A Deadly Case of Snake-Chew in Fifties Hong Kong

My eye was taken when trying by JOHN DUDLEY ROMER’s (1920-1982) pocket book* on snake specimens he had collected or been given in Hong Kong. Below notes on the King Cobra or Hamadryad (Ophiophagus hannah) he wrote:

Specimen from Lan Tao Island (Deadly Snake-bite Case)

A specimen (nonetheless alive) which had killed a person on Lan Tao Island [now Lantau or Lantao] was obtained from Marine Police on eighth August 1957. It was retained alive till tenth August 1957, then killed and returned to Marine Police.

After noting information from its scales (necessary options for taxonomy and identification) and intercourse (feminine), Romer founds its size was 2,135 mm instantly after demise, 2½ cm shorter than when alive. In brief this King Cobra was 7 ft 1 inch.

The China Mail of Friday 9 August 1957 reported the case however have been ready affirmation that the person had died. Romer instructed the newspaper that the snake may be very uncommon in Hong Kong.

Whereas snake-bite fatalities have been uncommon in Hong Kong, these working within the countryside have been on the biggest danger from this and different venomous snakes. With the digital finish of agriculture in Hong Kong that danger has most likely shifted largely to these clearing vegetation or jogging/strolling for pleasure.

The King Cobra remains to be unusual in Hong Kong however, as proven within the YouTube video under, some herpetologists have been fortunate sufficient to see one. Newspaper studies, such because the one proven from 2018, present that King Cobras flip up the place they aren’t made welcome.

The King Cobra, which isn’t a cobra in any respect, is the longest venomous snake, generally in extra of 5 metres, in elements of its vary, and thus capable of strike from a substantial better distance than the way more frequent Chinese language Cobra (Naja atra) for instance. The venom is principally neotoxic; human deaths can happen in half-hour. As its generic identify suggests, it is a crucial predator of snakes however not averse, apparently, to creating a meal of different vertebrates, generally I learn constricting its prey.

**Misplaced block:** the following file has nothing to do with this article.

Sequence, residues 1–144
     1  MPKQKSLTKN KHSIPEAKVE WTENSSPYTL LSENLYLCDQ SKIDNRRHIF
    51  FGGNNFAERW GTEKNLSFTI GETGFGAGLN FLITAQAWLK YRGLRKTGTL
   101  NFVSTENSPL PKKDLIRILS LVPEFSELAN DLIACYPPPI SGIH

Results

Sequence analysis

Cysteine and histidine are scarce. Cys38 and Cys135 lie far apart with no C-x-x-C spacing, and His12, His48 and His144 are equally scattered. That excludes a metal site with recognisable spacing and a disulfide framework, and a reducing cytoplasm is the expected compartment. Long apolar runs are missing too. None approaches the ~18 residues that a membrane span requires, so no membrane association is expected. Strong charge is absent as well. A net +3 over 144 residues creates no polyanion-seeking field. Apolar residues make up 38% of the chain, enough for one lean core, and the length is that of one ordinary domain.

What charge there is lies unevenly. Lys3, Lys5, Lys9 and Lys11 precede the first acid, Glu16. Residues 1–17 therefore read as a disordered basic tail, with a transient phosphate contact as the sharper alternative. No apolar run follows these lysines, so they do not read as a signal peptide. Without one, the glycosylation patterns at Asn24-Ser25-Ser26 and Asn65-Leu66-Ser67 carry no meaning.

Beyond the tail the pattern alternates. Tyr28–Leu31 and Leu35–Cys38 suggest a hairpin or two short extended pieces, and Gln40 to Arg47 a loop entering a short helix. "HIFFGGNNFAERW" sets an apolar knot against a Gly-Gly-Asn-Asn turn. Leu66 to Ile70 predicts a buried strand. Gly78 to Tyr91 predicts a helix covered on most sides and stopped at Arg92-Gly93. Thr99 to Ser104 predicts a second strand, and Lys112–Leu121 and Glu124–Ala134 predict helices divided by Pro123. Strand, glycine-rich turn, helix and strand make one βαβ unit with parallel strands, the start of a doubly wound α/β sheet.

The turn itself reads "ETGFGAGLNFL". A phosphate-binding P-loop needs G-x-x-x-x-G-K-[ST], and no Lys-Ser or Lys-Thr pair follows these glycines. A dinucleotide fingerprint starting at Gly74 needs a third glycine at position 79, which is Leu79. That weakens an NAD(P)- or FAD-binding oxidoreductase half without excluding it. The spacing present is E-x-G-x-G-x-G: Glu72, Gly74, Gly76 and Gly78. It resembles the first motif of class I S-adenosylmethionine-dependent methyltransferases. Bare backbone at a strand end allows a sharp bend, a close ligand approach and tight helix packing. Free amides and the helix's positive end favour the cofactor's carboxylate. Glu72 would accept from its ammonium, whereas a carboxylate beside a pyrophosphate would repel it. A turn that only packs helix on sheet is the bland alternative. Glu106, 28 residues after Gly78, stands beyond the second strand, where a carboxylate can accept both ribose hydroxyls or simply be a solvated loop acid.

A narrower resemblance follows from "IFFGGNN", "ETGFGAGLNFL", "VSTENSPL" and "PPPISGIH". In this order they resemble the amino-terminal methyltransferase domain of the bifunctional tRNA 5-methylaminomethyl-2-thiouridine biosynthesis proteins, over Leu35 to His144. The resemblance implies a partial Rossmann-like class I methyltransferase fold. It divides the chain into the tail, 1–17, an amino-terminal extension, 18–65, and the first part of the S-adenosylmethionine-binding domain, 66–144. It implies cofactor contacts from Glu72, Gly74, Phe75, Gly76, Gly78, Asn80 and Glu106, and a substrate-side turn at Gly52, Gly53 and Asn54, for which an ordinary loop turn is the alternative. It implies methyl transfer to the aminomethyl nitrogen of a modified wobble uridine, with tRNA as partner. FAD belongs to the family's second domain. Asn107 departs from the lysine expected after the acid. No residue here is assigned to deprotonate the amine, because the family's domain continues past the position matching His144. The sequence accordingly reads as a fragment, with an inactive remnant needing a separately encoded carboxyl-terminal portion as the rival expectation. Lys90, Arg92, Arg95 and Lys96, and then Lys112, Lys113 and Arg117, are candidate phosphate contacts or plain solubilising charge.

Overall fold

In 1957 there was no publication in Hong Kong which enabled the popularity and identification of the venomous snakes that happen there or of what to do if bitten. Romer ready such a information for the Hong Kong Authorities in 1959. That was up to date a a fully-illustrated booklet in 1965. Romer’s interest and job, as the top of pest management, got here, for as soon as, into symbiosis.

*After Romer’s demise his papers have been deposited within the library of the Zoological Society of London. The final time I used to be there I didn’t have time to see what that Romer archive held. Then Jack Greatrex of the Division of Historical past within the College of Hong Kong contacted me. As a part of his analysis on the historical past of pest management he was going to be in London and supplied to ship me his gleanings from the ZSL library. I in fact accepted gratefully and Jack, now at Nanyang Technical College in Singapore, despatched me pictures of the assorted pages.

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